Pill Power Play

Eric-flickr-creativecommonsACT UP has inspired many AIDS activists to protest the costs and accessibility of drugs to treat HIV, especially in the 80s and early 90s when so little was available. Die-ins were a regular thing at AIDS conferences and they grabbed news headlines.

People hit the floor then; they’ve added social media now.

Turing Pharmaceuticals has been in the news this week for increasing the cost of Daraprim by 5000%. Turing CEO Martin Shkreli bought rights to the drug and then increased the cost per pill from $13.50 to $750. Daraprim is used to treat toxoplasmosis, an HIV related infection that isn’t as common in Canada these days as it used to be due to excellent treatment options that keep immune systems strong. But it is a threat to some, and certainly to folks in areas that don’t have the same access to treatment.

Luke Timmerman penned a good timeline of the drug drama. There’s a lot of legal yelling back and forth about Shkreli’s conduct at a former company (where he also hiked drug prices, but only by 2000%) and the response from a reporter Shkreli called “a moron” on Twitter: Why would Martin Shkreli hike an old drug price by 5000%? Only a ‘moron’ would ask.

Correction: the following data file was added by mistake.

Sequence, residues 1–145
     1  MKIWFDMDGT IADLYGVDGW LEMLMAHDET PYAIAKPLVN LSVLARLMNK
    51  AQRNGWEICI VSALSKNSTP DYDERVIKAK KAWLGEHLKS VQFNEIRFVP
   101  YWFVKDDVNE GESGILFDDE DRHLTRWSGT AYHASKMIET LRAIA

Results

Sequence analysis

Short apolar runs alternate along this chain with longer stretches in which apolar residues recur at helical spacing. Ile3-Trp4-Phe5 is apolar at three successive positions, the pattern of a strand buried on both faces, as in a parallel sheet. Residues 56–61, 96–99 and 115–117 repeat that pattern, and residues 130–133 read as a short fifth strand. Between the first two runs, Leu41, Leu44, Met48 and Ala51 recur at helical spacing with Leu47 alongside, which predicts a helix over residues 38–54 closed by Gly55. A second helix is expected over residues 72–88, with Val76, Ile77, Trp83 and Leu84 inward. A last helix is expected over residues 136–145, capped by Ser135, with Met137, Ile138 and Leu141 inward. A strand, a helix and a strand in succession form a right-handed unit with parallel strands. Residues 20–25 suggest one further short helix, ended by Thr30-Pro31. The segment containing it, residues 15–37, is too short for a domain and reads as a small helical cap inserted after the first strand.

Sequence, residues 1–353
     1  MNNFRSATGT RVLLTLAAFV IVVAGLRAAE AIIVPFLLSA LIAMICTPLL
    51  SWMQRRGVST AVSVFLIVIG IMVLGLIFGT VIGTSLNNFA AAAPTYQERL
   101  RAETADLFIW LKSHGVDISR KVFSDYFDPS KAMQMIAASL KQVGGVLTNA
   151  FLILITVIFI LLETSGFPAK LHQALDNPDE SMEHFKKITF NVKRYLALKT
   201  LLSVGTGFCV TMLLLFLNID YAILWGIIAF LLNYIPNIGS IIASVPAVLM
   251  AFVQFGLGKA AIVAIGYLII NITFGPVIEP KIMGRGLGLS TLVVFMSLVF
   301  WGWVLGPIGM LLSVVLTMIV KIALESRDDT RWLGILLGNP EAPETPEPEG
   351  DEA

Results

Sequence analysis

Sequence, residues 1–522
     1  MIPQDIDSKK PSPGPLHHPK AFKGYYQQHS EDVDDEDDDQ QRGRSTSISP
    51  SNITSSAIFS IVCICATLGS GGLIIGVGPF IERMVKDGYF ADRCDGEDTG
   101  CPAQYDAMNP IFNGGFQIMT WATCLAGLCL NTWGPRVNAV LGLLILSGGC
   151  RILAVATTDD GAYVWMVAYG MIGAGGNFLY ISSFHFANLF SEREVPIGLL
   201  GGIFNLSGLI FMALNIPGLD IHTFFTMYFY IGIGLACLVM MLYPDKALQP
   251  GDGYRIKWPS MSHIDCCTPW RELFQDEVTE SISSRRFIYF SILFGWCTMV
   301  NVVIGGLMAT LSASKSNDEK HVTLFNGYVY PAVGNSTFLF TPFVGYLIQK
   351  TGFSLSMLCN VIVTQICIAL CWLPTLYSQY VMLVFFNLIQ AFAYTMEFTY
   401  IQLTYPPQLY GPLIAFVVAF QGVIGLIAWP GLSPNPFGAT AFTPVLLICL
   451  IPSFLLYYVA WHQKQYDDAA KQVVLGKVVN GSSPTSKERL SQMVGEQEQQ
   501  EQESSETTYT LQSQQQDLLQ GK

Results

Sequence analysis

Shkreli was quoted saying “I think I know more about toxoplasmosis than anyone in the world,” as he tried to justify the increase. Something more effective for toxo treatment could be developed he argues- Daraprim was invented in 1952 by Gertrude Elion (It was originally used to treat malaria).  An HIV doctor consulted about Daraprim says a new drug formula isn’t needed, although this is what Shkreli claims in an interview. I think a doctor wins over a finance man.

Pharmaceutical companies are regularly criticized over costs. Controversy over the high costs of new (and extremely effective) Hepatitis C treatment prompted debate not long ago. Questions of profit vs. ethics were rightly discussed.

New drugs are one thing; the primary beef with Turing Pharmaceuticals is that it’s price gouging on an old drug it just obtained. These ownership transfers and cost hikes are happening with many drugs. Companies scout out older drugs, buy them, and then raise the prices significantly. The market system in the US makes this possible.

The drug pricing system in Canada is different from the US, but our drug costs are still influenced by the US. Drugs in Canada have price controls, but they are moderated by costs in other countries, a system that’s not sustainable, analysts suggest.  Currently ramping up is a battle between US drug company Alexion Pharmaceuticals and the Government of Canada. Alexion is suing the government for trying to lower the price of its drug in Canada, which costs $700,000 per year. It could dramatically change drug pricing in Canada if Alexion is successful. Many say it’s time for a national Pharmacare program.

This week’s fire over the costs of pharmaceuticals won’t be the last. Healthcare costs are rising, it costs significant money to develop new drugs,  and someone has to pay. The UN has called for governments and pharmaceutical companies to work together to ensure medicine is accessible and affordable. That has to be priority for the global health.

Image: Eric, Flickr (Creative Commons)